[0060] Some embodiments build on RoboTurk, which uses a ubiquitous smartphone- based 6-DoF controller along with seamless cloud integration to ensure homogeneous quality of service regardless of client’s compute resources. ( See e.g., A. Mandlekar, et al. , 2018 (cited above).) In contrast to local teleoperation methods that restrict data collection to a few users, crowdsourcing mechanisms such as RoboTurk can allow several interesting strategies to be demonstrated that vary across people, and across situations, leading to diversity of the data collected, as shown in Figures 2A-2D. In particular, Figure 2A illustrates exemplary data collection setup of various embodiments, which consists of a robot arm, a front-facing webcam view, and a top-down depth camera. In many embodiments, the front-facing view is streamed to each user. Many embodiments collect data on tasks requiring both fine-grained dexterity and high-level planning to solve. Figures 2B-2D illustrate three exemplary tasks, including “Object Search” task (Figure 2B), where the objective is to find all instances of a certain target object category (e.g., plush animal, plastic water bottle, or paper napkin) and fit them into a corresponding bin. In a “Tower Creation” task (Figure 2C), the objective is to stack the various cups and bowls to create the tallest tower. In the Laundry Layout task (Figure 2D), the objective is to layout an article of clothing on the table such that it lies flat without folds. Turning to Figures 3A-3B, three different demonstrations are provided on the Laundry Layout task (Figure 3A) and the Tower Creation task (Figure 3B) are shown. The Laundry Layout demonstrations start and end with the same towel configuration across demonstrations but users exhibited different solution strategies to solve the task. The Tower Creation demonstrations start with the same set of objects in different configurations on the table but users chose to leverage the items in different ways, leading to three towers of roughly the same height, with different structural composition. This showcases the diversity of solution strategies that are present in many embodiments.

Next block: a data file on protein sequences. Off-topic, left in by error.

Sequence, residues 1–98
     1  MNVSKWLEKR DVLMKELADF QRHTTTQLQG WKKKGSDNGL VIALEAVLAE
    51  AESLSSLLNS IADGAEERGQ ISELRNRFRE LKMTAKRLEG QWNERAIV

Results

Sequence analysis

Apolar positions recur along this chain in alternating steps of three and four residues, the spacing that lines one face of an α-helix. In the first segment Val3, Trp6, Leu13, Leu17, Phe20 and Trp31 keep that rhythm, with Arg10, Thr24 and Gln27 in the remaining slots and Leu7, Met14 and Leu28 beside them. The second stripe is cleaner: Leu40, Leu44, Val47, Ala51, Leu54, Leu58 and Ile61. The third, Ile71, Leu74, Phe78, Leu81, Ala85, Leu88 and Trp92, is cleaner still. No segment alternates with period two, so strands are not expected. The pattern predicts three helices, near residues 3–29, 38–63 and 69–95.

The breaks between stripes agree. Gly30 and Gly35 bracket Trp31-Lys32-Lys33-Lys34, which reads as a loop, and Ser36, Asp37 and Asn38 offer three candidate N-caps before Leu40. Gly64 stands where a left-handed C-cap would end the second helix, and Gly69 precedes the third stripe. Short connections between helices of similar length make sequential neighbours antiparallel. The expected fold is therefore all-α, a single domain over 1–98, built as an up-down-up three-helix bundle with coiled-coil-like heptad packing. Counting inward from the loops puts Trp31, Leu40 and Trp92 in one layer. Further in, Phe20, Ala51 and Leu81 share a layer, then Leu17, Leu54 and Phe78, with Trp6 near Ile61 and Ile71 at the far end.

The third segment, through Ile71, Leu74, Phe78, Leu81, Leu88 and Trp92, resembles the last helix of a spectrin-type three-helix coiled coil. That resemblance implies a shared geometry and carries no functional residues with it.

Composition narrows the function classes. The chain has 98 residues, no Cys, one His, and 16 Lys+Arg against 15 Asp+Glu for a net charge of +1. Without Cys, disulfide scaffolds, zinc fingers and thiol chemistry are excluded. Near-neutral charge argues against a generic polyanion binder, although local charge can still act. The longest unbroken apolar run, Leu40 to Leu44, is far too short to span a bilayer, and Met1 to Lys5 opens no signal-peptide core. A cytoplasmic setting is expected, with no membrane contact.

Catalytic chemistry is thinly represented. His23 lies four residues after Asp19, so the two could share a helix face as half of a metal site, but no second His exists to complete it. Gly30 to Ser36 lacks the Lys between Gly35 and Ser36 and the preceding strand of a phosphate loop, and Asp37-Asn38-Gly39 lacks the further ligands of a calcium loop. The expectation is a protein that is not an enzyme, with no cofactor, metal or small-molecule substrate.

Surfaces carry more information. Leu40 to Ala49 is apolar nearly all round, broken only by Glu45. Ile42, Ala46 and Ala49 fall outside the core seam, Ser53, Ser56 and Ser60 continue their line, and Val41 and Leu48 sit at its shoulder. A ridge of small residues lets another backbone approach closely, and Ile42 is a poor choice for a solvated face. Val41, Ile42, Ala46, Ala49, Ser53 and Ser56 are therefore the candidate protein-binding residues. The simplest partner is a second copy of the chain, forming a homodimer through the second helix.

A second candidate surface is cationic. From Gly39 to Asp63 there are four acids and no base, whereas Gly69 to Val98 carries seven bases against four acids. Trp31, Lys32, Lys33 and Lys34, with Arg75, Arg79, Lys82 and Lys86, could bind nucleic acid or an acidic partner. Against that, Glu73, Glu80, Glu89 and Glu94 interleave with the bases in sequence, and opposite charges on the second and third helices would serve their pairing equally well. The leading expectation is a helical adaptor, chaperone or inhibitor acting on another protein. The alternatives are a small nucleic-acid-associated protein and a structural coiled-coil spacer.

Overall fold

EXEMPLARY EMBODIMENTS